To be able to contribute to digital aspects of compositions as a (ensemble) player.
To establish a new relationship between player and composer that includes the combination of an acoustic instrument combined with electronics.
Collaboration with the composition department.
I found the creative department in our institute a perfect environment for my ‘renaissance’ as a student in exploring my research question.
Together with my supervisor Martijn Padding, head of the composition department at the Royal Conservatoire in the Hague, and composer Yannis Kyriakides, we launched a double bass project for all the composition students called ‘BASS in Space’. The purpose was to introduce the possibilities, characteristics and challenges of writing for the double bass to the students. During this project all the students of the double bass department were involved, resulting in a wonderful presentation at the 2019 Spring Festival. This project gave me a deeper ‘insight’ into the role of technology while working with the youngest generation of composers.
Bass in Space SPRING FESTIVAL – 1-6 April, 2019 KC
1. Eva Beunk – ‘Door Streken’
2. Kasper de Oude – ‘Engine’
3. Felix Cheung – ‘Self-Care?’
4. Izak de Dreu – ‘Bass to Space’
5. Filip Sternal – ‘Looming’
1. Eva Beunk
Eva used a digital notation program. She composed a traditional tonal piece for 5 basses. However, using this technology did not make it clear that writing for a group of acoustic instruments is, particularly in the lower register, totally different from the outcome of digital samples. Her composition had very challenging passages that were not idiomatic and quite difficult to execute, which was not apparent from hearing her piece through Sibelius.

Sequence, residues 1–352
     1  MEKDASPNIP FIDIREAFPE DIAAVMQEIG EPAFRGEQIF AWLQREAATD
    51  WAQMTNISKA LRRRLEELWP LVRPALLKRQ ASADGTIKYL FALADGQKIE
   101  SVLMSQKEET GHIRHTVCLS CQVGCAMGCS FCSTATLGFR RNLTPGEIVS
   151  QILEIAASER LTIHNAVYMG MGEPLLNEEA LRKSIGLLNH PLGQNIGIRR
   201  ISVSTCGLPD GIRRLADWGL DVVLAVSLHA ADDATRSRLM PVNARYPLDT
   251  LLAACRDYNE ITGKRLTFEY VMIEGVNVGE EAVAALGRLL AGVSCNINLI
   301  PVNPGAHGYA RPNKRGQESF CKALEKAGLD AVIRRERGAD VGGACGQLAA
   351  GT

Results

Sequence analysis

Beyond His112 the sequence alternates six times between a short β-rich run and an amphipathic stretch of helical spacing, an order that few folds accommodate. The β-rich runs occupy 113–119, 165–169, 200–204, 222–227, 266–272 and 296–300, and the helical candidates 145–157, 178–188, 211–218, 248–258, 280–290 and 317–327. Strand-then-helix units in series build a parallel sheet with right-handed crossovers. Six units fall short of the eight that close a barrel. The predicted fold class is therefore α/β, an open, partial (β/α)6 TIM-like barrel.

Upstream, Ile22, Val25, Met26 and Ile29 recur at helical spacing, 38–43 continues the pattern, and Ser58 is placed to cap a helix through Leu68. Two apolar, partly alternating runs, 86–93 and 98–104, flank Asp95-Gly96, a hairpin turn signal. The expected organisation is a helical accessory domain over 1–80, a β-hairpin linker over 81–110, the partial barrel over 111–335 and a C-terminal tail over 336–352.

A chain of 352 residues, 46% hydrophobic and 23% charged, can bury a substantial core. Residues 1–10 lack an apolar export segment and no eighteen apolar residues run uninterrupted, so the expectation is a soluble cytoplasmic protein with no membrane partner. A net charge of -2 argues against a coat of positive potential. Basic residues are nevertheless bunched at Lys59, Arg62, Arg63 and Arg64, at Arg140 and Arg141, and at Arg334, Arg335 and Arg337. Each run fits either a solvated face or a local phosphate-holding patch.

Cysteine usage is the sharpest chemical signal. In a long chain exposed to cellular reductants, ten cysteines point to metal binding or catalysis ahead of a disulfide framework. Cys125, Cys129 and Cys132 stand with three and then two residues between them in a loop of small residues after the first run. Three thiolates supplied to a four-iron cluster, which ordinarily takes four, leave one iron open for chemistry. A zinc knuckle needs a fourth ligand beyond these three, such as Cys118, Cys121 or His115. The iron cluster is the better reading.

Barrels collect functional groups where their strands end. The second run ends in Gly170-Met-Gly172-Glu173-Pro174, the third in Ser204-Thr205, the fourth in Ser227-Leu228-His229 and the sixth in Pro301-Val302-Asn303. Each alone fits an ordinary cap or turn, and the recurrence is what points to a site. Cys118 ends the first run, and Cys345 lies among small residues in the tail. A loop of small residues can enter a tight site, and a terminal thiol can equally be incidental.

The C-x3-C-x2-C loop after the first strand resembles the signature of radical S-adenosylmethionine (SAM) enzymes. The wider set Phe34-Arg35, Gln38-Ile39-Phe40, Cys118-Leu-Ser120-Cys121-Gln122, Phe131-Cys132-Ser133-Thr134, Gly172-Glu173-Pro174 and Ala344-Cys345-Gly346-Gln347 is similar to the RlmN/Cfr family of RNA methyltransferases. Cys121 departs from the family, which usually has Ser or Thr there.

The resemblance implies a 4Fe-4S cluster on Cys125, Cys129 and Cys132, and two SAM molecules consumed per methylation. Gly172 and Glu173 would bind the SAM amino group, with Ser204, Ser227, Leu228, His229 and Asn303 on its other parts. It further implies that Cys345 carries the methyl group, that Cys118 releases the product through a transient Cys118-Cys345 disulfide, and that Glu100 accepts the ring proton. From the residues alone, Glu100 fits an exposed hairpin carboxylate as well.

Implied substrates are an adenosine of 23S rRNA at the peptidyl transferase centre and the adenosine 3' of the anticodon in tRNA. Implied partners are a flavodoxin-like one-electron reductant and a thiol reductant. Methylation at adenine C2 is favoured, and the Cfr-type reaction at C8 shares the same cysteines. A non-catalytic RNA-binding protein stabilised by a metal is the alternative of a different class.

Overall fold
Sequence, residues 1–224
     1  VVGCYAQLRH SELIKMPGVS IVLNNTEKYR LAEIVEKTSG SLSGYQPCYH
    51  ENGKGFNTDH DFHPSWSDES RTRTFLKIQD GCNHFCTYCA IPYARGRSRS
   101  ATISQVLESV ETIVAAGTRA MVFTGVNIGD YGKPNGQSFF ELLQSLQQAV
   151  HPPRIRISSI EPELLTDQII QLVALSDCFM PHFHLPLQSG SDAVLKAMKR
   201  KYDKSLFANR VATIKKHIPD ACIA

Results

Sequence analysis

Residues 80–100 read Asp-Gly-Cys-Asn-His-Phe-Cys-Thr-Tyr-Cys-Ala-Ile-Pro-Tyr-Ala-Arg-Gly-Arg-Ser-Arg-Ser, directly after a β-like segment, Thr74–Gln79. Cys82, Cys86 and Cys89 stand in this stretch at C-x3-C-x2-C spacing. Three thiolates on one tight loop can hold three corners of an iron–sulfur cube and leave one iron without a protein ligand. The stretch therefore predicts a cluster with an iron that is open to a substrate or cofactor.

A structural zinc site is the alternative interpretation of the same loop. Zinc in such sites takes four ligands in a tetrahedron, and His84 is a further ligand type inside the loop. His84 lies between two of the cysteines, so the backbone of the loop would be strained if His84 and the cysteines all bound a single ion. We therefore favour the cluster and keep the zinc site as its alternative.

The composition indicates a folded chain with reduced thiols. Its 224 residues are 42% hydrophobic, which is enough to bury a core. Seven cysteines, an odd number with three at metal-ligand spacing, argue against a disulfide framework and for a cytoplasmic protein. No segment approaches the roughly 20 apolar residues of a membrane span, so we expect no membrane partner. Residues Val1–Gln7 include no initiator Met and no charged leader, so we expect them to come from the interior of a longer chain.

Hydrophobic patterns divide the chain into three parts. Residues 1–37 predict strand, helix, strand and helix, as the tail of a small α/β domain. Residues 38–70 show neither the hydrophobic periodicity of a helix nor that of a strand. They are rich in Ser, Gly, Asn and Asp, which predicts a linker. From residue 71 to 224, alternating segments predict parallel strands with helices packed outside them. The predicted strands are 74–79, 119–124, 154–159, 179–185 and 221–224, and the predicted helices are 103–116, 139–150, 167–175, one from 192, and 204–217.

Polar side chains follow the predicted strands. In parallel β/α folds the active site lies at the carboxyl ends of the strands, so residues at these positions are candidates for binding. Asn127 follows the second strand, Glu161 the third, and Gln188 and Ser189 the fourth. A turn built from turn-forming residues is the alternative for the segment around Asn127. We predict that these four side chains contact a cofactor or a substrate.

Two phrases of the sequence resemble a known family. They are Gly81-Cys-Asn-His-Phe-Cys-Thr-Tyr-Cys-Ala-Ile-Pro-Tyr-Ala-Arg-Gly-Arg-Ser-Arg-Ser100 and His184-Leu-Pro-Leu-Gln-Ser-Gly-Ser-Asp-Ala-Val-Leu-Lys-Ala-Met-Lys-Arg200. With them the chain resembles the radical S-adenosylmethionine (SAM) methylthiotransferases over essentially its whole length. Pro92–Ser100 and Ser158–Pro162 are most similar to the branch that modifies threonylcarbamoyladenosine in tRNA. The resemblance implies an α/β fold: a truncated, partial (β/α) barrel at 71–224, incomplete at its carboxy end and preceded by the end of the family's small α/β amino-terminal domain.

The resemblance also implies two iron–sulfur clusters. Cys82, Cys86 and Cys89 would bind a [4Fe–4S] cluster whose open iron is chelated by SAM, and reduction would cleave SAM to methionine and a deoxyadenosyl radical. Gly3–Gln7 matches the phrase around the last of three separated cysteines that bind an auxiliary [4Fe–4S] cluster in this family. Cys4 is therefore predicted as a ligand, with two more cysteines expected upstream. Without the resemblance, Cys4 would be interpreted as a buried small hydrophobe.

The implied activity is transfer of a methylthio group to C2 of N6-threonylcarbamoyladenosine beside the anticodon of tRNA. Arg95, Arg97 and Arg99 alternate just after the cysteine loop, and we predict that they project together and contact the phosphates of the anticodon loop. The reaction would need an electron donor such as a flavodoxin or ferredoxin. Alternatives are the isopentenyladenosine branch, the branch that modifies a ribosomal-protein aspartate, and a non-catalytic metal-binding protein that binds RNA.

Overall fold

2. Kasper de Oude
The original concept of his piece used all kinds of electronic devices attached to a bass that was positioned horizontally on a table. Three players were required to play and trigger various responses from the one instrument.
Eventually he abandoned all use off electronics and the piece became a trio, with the players using their own instrument and conventional contemporary playing techniques.
3. Felix Cheung
The piece 'Self Care?' made use of two screens on either side of the stage with 7 double bassists to read a score with acting instructions. No music, no other electronics.
4. Izak de Dreu
An idiomatic, harmonious composition for 8 mildly amplified basses.
5. Filip Sternal
Using a large group of 12 double basses with 12 speakers behind each player, creating sounds that 'travelled around' in space.
I also met with student composers at the Royal Conservatoire’s Composition Department and the Institute of Sonology, introducing the Hybrid Bass.
During the process it became more and more apparent that my abilities to improvise with the new technology are crucial in luring composers to take the plunge and write.
These encounters have resulted in a composition by Wesley Troeger https://www.residentieorkest.nl/one-minute-symphony-2/wesley-troeger/ called ‘Felix Qui’. Wesley incorporated a variety of samples (including my own voice), recorded bass sound bites and electronics. This piece will be recorded this month and shall be available on my YouTube channel. Quirijn Altena YouTube Channel
During my research I tried to incorporate Max/MSP (a visual programming language for music and multimedia), the system used by my professor Jan Panis. However, the set-up of the Hybrid Bass does not require such a specialised program in order to function.
I have discussed my Hybrid Bass, technology and future possibilities with double bassist John Clayton, protégé of Quincy Jones, and not only a wonderful player but also an arranger, composer and fellow ambassador of the double bass.